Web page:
Thursday, 5 October 2017

The (Welcome) Return of Catechism

When I was about 11 my parents sent me to a Convent School in Clydach for about a year. It was run by a Roman Catholic order of nuns who taught, kept discipline and generally ran the school. Although I was from a Protestant (Anglican) background, I was one of a number of similar children who were allowed to attend on the basis that we attend Mass with everyone else, and join in the classes on religious instruction.

With regards to the latter, this meant learning the Catechism off by heart. All I can remember from those lessons is the very first question that the Catechism addresses: "Who made you?" Answer: "God made me." The impression left was one of boredom and what the whole point of it was, alongside the vague memory of some kind of punishment if I got it wrong (although nothing heavy-handed).

Since then I have had a rather negative image of any religious education associated with the word 'catechism' and, what I saw then, as pointless rote learning, with its emphasis on remembering over and against understanding.

But it seems that my criticism is both premature, inaccurate and unfair for the following reasons:
First, to do with the word 'Catechism'. It is from the Greek and means, simply "to learn orally". Although it tends to be associated with one part of the church - chiefly the Roman Catholic Church - it is an idea that was prevalent in the first four-five centuries as the Church sought to educate and teach those who were unable to read. Questions and answers were learnt off by heart and then discussed so that the meaning of what was taught by the method would be well and truly understood.

Unfortunately, as sometimes happens, this degenerated in some parts of the Church into just learning answers in order to say you have "done the course". Understanding took second place to getting the answers correct.

Second, is to do with who used the catechism. If you look up the word in the dictionary some definitions associate it only with the Roman Catholic Church. This is inaccurate as we have noted that from the start the one united church practised it, in one way or another, until the Great Schism in the 11th century when the church split into two - Roman Catholic and Eastern Orthodox Church. But both continued with the use of a catechism, only with their own particular doctrinal emphasis.

This continued until the Reformation in the 16th century when the Protestant Churches were formed following the teaching of Luther, Calvin and others. But what is interesting is that the idea of a catechism for teaching the faith continued with Luther, for example, producing his 'Small Catechism' which can be found here. This contains within it teaching about The Ten Commandments, The Apostles' Creed, The Lord's Prayer, baptism, confession, Holy Communion, Daily Prayer, a Table of Duties, and Christian Questions with their answers, which was a means of preparing a person to receive Holy Communion.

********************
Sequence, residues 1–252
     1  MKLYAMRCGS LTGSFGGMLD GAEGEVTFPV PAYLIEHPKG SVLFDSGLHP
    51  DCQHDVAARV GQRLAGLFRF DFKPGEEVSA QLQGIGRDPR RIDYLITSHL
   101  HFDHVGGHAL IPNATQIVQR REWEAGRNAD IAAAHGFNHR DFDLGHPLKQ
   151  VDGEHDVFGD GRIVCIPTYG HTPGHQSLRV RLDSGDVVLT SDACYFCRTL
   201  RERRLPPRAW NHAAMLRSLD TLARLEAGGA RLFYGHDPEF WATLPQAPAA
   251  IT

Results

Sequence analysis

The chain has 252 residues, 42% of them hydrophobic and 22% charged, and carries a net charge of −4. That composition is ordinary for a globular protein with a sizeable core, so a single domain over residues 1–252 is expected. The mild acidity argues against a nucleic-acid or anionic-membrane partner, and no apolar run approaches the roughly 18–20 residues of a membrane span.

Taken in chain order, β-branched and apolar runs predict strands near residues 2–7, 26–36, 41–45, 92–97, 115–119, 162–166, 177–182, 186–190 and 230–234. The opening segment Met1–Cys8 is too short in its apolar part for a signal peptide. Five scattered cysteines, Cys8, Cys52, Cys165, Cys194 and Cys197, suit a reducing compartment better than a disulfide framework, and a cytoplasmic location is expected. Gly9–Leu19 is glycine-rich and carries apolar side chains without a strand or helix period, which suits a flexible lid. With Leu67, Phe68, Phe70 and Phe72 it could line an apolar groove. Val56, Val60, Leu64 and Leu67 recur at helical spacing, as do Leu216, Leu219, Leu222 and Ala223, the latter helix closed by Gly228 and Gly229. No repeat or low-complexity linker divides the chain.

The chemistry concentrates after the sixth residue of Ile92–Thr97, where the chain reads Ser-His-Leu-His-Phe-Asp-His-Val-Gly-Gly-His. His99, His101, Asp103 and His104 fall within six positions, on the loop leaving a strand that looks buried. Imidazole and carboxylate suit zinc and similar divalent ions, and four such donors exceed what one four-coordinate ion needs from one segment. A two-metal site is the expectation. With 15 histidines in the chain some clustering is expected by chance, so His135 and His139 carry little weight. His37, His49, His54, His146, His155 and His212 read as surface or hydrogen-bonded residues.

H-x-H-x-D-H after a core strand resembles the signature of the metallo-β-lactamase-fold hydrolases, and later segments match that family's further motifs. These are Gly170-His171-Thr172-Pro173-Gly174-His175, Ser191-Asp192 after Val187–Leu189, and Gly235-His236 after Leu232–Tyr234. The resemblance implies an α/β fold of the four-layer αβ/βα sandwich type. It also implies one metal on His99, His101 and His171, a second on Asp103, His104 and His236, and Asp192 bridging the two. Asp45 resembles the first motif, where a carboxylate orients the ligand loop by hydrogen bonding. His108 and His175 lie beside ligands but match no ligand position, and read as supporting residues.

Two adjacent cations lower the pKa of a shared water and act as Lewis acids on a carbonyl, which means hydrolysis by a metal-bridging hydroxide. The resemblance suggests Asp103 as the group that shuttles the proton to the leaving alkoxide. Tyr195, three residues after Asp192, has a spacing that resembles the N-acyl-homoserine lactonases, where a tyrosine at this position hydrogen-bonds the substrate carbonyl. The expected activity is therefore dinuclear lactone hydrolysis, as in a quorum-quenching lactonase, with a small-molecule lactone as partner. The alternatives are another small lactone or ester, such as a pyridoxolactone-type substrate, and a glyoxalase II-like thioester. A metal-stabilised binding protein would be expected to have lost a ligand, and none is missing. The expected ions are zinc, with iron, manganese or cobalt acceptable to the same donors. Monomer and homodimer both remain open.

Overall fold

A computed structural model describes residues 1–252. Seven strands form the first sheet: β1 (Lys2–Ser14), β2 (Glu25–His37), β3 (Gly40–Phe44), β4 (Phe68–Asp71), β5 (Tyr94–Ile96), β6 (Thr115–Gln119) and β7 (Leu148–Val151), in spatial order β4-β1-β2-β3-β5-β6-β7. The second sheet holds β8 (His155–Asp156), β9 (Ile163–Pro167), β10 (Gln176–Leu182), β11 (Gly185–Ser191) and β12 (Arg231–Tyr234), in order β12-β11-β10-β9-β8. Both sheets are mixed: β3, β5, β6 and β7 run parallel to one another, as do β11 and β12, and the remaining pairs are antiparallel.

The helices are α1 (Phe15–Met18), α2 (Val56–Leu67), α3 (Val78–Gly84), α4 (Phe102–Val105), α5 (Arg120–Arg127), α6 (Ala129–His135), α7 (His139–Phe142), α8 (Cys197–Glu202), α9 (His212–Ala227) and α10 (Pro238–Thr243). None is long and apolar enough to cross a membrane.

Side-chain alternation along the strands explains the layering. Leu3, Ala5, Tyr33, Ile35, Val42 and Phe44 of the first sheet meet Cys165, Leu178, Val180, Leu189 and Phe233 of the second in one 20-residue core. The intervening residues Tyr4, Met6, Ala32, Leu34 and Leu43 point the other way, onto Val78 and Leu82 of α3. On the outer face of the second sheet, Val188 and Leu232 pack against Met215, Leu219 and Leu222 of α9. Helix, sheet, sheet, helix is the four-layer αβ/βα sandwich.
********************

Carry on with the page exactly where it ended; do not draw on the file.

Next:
In 1560 the other great reformer John Calvin also produced a catechism called the Geneva Catechism which you can look at here.

And so you can see that the idea is not limited to just one part of the Church but has been used over the centuries by most of the major denominations who wanted to ensure that its adherents were properly taught about the Christian Faith.

Third, although the catechism became associated with the preparation of candidates for baptism and/or confirmation, it has more important and wider importance than that. In fact, you could say that it's association with baptism/confirmation is partly responsible for its abuse and eventual neglect because those wanting to be part of the church and/or being able to receive Holy Communion sometimes fell into the way of learning the answers to the questions just in order to achieve their aims. In other words, the catechism became a means to an end and not an end in itself - which was to believe and learn the Christian faith.

But, as someone once said, "the answer to abuse, is not misuse but right use". Just because it was abused it doesn't mean it was wrong (the same can be said of liturgy in Anglican and other churches). Before throwing it away, try using it properly and see why, in the first place, it was so widely used.

And so what we see today is the recovery and rehabilitation of the catechism. So, for example, the Church of England and other Anglican churches have produced their own catechism. And in more recent times the Gospel Coalition in America - fronted by Tim Keller - have produced 'The New City Catechism' which you can access here, and which can be downloaded as an app on your phone or tablet.

The Anglican Church in North America with the help of such people as Dr J.I.Packer (of Knowing God fame) has also recently produced their own called "To be a Christian" and which can be downloaded here.

The point I am making in all this is that perhaps it is the time we took another look at the idea of a catechism as something to help the people in our churches learn about what it is they believe and why? It can be both a means of being able to share and defend the faith.

In the next few posts I have included videos introducing some of the new (Protestant) catechisms mentioned earlier.


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